Whenever APIs need to be communicated among various stakeholders, APIs needs to be described in some from. Thus, it should be as easy as possible to describe APIs. Specialized languages can support the crafting of useful API descriptions by providing appropriate abstractions and language concepts. Such specialized languages are API description languages.
In their short history, the role of API description languages has changed significantly. The original purpose of API description languages was a language for creating API documentation, in a similar way as JavaDoc provides a language for documenting Java programs. Today, API description languages can be used for many additional purposes during the design and development process of APIs, not only for their original purpose of generating a pretty documentation.
API description languages are machine readable specifications of the API. Machine readable specifications can be used for automating tasks in API development. If used correctly, automation has the potential to increase the productivity of API development. We will see more examples for increasing the efficiency of API development later. Here is just a small example as an appetizer:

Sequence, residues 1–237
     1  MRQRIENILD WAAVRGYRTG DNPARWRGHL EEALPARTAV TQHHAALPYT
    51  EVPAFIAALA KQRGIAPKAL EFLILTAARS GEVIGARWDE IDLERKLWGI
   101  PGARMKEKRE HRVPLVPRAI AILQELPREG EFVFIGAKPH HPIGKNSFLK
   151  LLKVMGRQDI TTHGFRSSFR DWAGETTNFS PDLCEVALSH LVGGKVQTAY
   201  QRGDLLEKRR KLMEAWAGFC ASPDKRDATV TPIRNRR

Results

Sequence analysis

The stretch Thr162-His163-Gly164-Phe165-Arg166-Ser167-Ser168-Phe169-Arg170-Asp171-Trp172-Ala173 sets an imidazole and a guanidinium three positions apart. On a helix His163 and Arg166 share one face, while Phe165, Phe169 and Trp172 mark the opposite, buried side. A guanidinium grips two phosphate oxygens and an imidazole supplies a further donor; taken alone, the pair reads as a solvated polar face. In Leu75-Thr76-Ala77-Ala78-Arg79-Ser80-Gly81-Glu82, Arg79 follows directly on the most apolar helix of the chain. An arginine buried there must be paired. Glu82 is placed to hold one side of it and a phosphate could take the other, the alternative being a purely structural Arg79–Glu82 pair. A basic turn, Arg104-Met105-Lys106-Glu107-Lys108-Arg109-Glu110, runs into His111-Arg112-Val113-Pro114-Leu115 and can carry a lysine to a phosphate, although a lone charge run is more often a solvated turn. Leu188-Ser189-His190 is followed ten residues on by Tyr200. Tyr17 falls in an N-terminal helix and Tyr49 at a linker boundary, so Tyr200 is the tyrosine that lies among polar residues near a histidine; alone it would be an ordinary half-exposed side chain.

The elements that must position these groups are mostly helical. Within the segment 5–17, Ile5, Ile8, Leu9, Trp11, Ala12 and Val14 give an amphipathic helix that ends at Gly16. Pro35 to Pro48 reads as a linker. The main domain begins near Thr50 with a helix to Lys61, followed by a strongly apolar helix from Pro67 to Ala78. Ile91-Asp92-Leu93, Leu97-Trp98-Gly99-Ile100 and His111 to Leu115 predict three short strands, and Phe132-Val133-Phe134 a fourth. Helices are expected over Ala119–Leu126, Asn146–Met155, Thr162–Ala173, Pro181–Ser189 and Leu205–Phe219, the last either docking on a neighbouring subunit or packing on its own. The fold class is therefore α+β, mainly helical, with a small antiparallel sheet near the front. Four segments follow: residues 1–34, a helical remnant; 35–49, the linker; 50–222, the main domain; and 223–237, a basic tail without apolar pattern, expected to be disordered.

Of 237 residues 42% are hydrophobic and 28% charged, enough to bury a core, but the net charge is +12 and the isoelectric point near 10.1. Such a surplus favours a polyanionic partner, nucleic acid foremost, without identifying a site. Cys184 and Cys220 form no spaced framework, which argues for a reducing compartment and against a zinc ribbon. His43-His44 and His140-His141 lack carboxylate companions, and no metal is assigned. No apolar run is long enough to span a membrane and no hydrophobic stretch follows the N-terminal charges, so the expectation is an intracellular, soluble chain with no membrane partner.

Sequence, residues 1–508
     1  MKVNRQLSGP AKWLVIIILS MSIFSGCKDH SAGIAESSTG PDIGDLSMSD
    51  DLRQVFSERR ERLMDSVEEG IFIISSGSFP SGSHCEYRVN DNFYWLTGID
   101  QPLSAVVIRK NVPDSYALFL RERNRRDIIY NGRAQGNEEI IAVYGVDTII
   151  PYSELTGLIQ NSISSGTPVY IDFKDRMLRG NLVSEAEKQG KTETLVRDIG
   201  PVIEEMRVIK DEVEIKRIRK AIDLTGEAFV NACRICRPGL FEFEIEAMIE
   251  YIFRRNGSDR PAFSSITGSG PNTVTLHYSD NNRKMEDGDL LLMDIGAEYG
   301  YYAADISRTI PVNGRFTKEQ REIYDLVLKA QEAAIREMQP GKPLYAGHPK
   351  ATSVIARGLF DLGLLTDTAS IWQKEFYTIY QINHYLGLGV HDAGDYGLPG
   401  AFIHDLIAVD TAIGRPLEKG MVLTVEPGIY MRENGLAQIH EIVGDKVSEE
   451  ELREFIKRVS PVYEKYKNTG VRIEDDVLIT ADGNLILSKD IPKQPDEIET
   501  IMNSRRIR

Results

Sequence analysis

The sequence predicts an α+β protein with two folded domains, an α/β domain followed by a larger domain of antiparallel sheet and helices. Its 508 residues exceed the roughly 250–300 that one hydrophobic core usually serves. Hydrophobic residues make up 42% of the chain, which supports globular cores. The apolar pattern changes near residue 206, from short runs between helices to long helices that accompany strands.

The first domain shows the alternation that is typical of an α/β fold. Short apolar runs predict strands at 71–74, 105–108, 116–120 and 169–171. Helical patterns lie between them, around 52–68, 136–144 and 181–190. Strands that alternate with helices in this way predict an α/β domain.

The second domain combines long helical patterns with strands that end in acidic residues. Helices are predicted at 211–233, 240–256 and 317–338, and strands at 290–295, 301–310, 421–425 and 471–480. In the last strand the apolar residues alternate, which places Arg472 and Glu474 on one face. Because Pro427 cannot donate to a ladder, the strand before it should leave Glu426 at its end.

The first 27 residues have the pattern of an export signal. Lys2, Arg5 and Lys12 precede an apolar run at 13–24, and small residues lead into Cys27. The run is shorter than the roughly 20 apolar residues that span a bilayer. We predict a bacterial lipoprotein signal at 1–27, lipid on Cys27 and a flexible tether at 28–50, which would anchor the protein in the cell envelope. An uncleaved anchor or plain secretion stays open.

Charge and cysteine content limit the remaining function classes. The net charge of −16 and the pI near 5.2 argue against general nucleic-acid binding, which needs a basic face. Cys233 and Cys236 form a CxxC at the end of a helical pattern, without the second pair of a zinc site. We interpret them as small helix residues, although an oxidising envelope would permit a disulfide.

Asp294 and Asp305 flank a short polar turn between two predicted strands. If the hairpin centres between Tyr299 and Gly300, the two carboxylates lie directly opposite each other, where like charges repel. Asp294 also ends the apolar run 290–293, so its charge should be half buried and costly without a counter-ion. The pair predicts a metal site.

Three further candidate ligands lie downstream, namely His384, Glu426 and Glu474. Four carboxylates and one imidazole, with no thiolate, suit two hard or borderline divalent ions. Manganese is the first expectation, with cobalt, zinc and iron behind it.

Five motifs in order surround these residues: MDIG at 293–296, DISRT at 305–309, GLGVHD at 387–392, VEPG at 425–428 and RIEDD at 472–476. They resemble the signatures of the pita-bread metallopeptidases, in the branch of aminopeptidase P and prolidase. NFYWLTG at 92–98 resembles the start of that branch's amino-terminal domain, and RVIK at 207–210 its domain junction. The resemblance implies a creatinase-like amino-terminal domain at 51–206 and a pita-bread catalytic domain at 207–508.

The API description can be used for the partially automated generation of code for the API. The API description thus has the potential to support the API provider. The same API description can also be used for the automated generation of client-stub-code for the app consuming the API. This time the consumer is supported by the same API description.
If used correctly, API description languages are very powerful tools that can be far more than just languages. They can serve as the “single source of truth” and as the main reference for all aspects of API design and development.
To learn more about API description languages, such as Swagger and RAML, check out my new book on API Architecture.